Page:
Chiplet benefits, according to AMD, include die yield, process optimization, and re-usability. On the latter point, AMD reported, “The decomposition of the EHP into smaller pieces enables silicon-level reuse. A single, large HPC-optimized APU would be great for HPC markets, but may be less appropriate for others. For example, one or more of the CPU clusters could be packaged together to create a conventional CPU-only server processor.”

Six open-source scientific and security-related proxy applications (see table below) were studied to measure the maximum achievable floating-point throughput. AMD characterized application kernels into three categories:

  • Compute-intensive Kernels. Compute-intensive kernels have infrequent main-memory accesses, and the performance is bound by compute through- put. As such, these kernels benefit from higher CU counts and GPU frequencies, but they are relatively insensitive to memory bandwidth. In fact, in a power-constrained system like exascale supercomputers, provisioning higher bandwidth can be detrimental to the overall performance because that simply takes power away from the compute resources. “MaxFlops falls under this category, which is a highly compute-intensive kernel as shown in Fig. 4. (shown below) While the performance increases linearly with more CUs and frequency (i.e., each bandwidth curve increases with higher ops-per- byte), bandwidth does not help (i.e., the corresponding CU- frequency points across different bandwidth curves have roughly the same performance level).”
  • Balanced Kernels. Balanced kernels, such as CoMD shown in Fig. 5 (not shown), stress both the compute and memory resources. The best performance is observed when all resources are increased together. However, the rate of performance increase plateaus beyond a certain point. It is important to note that the plateau point is different across kernels.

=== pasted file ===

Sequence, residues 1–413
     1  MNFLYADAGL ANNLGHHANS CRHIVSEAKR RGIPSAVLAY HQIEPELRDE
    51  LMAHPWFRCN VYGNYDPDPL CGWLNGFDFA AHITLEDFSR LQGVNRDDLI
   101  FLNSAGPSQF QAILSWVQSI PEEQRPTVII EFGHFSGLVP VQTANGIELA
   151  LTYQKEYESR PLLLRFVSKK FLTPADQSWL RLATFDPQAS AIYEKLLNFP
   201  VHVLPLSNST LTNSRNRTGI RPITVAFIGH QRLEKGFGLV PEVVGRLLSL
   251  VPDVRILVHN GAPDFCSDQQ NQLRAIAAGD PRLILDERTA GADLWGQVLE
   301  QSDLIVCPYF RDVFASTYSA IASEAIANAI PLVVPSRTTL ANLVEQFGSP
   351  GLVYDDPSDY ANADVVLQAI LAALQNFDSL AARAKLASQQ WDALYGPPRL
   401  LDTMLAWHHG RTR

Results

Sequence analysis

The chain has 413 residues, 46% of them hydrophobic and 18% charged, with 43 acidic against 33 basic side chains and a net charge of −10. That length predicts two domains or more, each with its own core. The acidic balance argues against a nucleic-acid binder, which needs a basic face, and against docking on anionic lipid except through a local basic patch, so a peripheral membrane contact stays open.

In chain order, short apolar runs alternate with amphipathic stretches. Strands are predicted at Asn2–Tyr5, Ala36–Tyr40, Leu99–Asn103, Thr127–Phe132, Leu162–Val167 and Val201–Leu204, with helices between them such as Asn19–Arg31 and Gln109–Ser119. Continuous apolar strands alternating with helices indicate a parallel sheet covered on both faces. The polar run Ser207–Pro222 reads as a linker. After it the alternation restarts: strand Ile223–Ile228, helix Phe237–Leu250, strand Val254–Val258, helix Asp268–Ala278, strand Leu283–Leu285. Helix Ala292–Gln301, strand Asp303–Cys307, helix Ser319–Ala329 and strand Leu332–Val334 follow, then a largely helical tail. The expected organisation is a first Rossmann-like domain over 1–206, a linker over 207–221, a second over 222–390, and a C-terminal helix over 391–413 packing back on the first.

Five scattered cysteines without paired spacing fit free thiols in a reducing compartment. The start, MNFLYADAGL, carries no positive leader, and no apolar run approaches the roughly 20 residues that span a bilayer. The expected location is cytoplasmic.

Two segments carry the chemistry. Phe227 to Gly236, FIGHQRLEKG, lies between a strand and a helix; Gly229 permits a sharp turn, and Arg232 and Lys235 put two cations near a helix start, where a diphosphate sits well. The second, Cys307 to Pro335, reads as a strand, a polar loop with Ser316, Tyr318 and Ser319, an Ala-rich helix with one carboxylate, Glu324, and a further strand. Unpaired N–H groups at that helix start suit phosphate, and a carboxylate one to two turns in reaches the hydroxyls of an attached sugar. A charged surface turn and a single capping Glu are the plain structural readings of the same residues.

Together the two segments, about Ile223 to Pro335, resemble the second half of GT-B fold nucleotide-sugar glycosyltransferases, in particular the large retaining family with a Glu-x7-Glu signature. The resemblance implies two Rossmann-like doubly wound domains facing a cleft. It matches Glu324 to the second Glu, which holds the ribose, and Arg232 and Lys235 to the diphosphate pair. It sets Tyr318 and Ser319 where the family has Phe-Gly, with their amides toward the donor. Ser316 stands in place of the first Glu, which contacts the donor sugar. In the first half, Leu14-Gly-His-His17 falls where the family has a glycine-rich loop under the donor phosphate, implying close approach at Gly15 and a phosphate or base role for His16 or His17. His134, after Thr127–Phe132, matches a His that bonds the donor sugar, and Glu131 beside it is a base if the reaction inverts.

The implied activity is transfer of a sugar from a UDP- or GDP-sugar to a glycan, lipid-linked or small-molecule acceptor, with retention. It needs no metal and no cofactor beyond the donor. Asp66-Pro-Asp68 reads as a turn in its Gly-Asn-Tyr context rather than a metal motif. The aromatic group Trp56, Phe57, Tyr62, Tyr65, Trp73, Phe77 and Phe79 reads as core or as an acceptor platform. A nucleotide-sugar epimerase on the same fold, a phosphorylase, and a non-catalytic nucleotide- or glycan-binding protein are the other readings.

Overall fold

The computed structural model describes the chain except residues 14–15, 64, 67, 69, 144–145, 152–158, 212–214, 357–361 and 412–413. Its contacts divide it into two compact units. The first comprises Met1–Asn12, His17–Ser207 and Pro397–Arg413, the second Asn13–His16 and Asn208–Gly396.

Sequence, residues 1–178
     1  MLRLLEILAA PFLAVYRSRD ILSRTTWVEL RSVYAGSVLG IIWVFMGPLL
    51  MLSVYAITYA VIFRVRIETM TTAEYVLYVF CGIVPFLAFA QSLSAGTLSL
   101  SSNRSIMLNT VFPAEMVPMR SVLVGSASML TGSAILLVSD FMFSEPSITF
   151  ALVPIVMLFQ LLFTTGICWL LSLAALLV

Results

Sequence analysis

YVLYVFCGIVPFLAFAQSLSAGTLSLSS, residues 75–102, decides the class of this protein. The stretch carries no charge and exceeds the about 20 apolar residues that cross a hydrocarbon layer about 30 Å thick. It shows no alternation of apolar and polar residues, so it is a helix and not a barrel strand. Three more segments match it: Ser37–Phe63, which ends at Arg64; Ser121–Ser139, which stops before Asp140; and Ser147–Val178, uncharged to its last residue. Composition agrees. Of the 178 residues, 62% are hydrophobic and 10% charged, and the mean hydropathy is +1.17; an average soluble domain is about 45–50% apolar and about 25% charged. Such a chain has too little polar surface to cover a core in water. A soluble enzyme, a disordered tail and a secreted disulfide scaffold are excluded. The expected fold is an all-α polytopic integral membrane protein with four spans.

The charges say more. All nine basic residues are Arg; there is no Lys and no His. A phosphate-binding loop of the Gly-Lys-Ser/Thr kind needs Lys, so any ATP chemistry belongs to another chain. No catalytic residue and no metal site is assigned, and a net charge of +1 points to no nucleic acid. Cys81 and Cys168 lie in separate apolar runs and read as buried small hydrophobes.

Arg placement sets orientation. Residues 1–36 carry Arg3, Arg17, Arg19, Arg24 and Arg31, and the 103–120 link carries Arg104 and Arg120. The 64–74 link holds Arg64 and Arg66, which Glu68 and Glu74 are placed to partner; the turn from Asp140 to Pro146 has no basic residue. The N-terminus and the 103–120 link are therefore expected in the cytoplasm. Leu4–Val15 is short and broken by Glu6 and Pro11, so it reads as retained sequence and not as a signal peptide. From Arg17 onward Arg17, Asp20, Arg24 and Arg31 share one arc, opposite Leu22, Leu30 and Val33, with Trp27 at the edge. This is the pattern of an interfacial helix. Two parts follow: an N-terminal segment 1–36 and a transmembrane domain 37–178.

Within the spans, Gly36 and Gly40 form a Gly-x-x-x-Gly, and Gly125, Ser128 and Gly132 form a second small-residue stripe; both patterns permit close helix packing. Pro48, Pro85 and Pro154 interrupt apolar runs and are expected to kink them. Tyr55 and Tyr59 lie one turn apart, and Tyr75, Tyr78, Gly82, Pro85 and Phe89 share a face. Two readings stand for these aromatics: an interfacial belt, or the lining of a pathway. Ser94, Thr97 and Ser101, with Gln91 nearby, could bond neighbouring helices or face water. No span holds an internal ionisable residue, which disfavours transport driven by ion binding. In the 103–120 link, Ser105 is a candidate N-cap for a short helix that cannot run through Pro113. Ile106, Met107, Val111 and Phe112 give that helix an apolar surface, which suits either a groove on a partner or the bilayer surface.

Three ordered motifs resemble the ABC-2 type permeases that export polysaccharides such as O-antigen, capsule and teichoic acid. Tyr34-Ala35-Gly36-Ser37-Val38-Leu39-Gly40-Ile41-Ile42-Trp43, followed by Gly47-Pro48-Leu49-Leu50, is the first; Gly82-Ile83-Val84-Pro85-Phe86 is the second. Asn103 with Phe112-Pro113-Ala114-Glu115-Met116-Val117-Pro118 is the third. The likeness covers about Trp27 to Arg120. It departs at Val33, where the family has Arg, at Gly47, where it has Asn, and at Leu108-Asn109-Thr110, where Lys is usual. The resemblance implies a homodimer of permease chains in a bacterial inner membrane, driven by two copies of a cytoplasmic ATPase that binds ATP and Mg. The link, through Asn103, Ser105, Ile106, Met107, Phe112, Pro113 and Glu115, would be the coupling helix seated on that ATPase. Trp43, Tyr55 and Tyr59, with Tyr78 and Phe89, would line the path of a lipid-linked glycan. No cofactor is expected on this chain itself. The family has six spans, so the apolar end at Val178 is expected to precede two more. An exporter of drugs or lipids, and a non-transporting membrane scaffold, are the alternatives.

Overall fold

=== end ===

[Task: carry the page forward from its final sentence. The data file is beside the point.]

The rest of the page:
• Memory-intensive Kernels. Memory-intensive kernels, such as LULESH shown in Fig. 6 (not shown), issue a high rate of memory accesses, hence are sensitive to the memory bandwidth. A notable characteristic of this class of kernels is that more CUs and higher GPU frequency are beneficial only up to a certain point. After that, the excessive number of concurrent memory requests starts to thrash the caches and increases contention in the memory and interconnect network, resulting in performance degradation.

“We use a range of HPC applications that exercise various components of the architecture differently. Our analysis of over a thousand different hardware configurations found that utilizing a total of 320 CUs at 1 GHz with 3 TB/s of memory bandwidth achieves the best performance (when considering an average across all applications) under the ENA-node power budget of 160W and area constraints,” report the authors.

As an exercise, the AMD paper is worth reading as many of its ideas are likely to be absorbed into resulting exascale computing architectures.

Link to paper: http://www.computermachines.org/joe/publications/pdfs/hpca2017_exascale_apu.pdf

Authors (AMD Research):

Thiruvengadam Vijayaraghavan, Yasuko Eckert, Gabriel H. Loh, Michael J. Schulte, Mike Ignatowski, Bradford M. Beckmann, William C. Brantley, Joseph L. Greathouse, Wei Huang, Arun Karunanithi, Onur Kayiran, Mitesh Meswani, Indrani Paul, Matthew Poremba, Steven Raasch, Steven K. Reinhardt, Greg Sadowski, Vilas Sridharan.

Subscribe to HPCwire's Weekly Update!

Be the most informed person in the room! Stay ahead of the tech trends with industy updates delivered to you every week!

Multiverse Targets ‘Quantum Computing for the Masses’

January 19, 2022

The race to deliver quantum computing solutions that shield users from the underlying complexity of quantum computing is heating up quickly. One example is Multiverse Computing, a European company, which today launched the second financial services product in its Singularity product group. The new offering, Fair Price, “delivers a higher accuracy in fair price calculations for financial... Read more…